in long-term savings, especially when combined with PM activities. Many Preventive
Maintenance tasks can’t be justified on a
cost basis — research has shown that as
many as 30% of all preventive tasks can be
eliminated through the use of PdM.
Correct decisions on PM, PdM and Run-to-Failure can be made through failure
analysis. Advanced exams of equipment
and their failure points will produce insights
that inform effective maintenance schedules. Maintenance specialists will employ
Reliability Centered Maintenance (RCM)
analysis, a structured approach to identifying
machine tool subsystems, to establish safe
minimums for maintenance. Inspectors will
also perform Failure Mode Effect Analysis,
which looks at potential failure points, to
determine how to mitigate failures.
An important aspect of equipment maintenance, one that RCM is designed to uncover,
is critical spares. The goal for critical spare
parts planning is to maximize efficiency;
if a part is readily available from a reliable
vendor on a timely basis, for instance, it’s not
necessary to stock it in house. RCM will also
reveal the hidden failures that are not normally observable or considered. Just as most
people don’t look at the condition of the
spare tire in their car’s trunk, hidden failures
can turn a minor problem into something
much more consequential — and expensive.
The last step in a comprehensive equipment reliability strategy is how to minimize
intrusive maintenance. It’s important to realize that PM can sometimes result in accelerated failure of the part in question, or in
adjacent parts. If a technician has to take off
covers or subassemblies to examine a part,
the disassemble/reassemble activity can
potentially increase the likelihood of a future
breakdown. In such cases, non-invasive
predictive tools should be used. Ultrasound
detection, infrared thermography, oil analysis,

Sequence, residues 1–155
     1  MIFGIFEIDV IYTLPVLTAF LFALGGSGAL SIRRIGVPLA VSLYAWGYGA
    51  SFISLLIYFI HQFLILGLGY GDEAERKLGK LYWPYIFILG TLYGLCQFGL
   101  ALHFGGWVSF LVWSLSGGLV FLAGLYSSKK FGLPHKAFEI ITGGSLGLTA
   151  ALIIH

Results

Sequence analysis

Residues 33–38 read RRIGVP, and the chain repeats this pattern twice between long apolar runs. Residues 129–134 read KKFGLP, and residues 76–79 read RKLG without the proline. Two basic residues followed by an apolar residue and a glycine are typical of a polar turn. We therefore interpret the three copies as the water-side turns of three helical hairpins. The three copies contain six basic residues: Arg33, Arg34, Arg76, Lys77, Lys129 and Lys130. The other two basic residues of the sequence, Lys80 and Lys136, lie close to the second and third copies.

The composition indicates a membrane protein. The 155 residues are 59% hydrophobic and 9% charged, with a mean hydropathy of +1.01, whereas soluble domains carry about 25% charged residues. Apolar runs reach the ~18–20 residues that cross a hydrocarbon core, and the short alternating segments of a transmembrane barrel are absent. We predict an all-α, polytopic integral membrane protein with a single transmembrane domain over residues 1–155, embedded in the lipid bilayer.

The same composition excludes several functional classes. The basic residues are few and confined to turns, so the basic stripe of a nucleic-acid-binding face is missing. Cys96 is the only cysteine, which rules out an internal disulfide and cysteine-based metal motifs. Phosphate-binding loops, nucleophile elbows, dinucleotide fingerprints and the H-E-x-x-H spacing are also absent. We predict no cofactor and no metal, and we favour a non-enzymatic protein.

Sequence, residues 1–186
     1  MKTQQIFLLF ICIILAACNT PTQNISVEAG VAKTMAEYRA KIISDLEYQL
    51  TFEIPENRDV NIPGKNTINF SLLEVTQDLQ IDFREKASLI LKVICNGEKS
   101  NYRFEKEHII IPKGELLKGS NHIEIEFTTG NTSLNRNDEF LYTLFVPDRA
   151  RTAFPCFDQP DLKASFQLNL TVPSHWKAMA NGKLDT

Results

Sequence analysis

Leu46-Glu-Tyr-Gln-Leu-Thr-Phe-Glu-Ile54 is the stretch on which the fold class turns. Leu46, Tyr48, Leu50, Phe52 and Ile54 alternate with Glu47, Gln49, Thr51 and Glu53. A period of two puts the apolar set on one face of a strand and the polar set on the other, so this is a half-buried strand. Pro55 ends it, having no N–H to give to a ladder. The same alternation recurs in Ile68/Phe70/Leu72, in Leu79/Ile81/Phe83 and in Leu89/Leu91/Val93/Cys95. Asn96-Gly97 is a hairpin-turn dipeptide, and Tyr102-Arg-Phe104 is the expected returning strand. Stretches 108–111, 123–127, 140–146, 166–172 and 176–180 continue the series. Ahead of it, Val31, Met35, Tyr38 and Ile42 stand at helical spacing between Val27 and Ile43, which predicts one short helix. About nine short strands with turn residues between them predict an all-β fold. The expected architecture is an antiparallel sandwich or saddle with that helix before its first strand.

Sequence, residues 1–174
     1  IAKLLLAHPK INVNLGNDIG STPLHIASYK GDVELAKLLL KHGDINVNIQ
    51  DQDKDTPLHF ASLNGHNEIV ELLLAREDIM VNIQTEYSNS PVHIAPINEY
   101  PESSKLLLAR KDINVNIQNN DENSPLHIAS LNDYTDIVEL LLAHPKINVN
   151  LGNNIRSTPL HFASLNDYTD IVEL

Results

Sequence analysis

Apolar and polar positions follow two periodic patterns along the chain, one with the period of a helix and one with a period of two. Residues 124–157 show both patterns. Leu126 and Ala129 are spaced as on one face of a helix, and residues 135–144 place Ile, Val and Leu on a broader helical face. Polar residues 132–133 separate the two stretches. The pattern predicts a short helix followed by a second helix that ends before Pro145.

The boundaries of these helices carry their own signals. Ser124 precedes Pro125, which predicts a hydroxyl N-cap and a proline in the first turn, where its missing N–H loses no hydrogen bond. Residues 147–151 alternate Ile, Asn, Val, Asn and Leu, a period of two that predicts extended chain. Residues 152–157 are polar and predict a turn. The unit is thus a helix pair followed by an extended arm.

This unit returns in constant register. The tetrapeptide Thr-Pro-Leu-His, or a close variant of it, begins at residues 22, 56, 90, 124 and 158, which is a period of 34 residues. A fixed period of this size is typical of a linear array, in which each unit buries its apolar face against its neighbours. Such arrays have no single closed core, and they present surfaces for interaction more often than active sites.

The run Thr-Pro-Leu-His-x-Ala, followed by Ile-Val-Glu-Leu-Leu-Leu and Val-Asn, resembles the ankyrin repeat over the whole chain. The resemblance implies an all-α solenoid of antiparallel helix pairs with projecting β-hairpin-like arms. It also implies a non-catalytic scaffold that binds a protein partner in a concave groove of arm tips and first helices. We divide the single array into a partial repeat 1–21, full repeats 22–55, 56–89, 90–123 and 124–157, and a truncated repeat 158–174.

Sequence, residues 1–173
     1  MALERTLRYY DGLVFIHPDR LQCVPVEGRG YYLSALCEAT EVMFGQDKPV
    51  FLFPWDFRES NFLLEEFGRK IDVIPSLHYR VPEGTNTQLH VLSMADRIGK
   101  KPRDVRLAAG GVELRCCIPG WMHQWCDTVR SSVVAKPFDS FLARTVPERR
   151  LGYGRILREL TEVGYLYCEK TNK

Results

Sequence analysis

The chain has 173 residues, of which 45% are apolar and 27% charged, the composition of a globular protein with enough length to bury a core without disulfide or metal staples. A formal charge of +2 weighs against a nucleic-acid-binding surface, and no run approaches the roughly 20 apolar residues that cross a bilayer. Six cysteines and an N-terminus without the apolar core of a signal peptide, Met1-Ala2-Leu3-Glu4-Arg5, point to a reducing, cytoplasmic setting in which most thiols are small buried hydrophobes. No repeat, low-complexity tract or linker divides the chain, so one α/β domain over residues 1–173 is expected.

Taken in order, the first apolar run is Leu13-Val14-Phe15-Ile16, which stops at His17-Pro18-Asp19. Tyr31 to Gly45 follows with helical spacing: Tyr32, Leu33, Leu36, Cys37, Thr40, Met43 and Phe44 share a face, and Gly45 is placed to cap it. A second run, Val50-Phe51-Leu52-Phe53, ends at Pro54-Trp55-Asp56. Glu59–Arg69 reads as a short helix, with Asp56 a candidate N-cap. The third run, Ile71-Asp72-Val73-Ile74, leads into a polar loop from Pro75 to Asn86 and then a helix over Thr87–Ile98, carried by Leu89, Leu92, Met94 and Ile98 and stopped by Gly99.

vibration analysis, and other procedures can
reveal the health of a system or component
part without compromising its lifespan.
Proactive equipment maintenance
programs have been shown to result in
significant cost reductions, with some manufacturers tracking savings as high as 80%.
Furthermore, a proactive approach results in
a more reliable, more productive food manufacturing environment — one in which even
greater process efficiencies are possible.
Working with a qualified outsourcer can
simplify the task of maintaining equipment,
and at a reduced cost. Finding and retain-
ing a qualified maintenance staff can be
difficult, not to mention the investments
associated with ongoing training. Top-quality
outsourcers can increase production asset
performance by 30% or more; in fact, in one
Grant Thornton study, nearly 14% of food
manufacturers surveyed were outsourcing
their maintenance operations.
With all the responsibilities of meeting
routine production requirements, manufac-
turing managers often don’t consider the
cost associated with equipment failures. Yet
every time a machine goes down, thousands
of dollars in lost production can result. Just
as important, intangible costs such as on-
time shipping and the possibility for lost
business also result.
With so much at stake, managers are
wise to address maintenance efforts in a
coordinated manner, either through out-
sourcing or a well-planned internal effort.
As a recipe for improving operations,
equipment maintenance is the small ingredi-
ent that can make a big — and profitable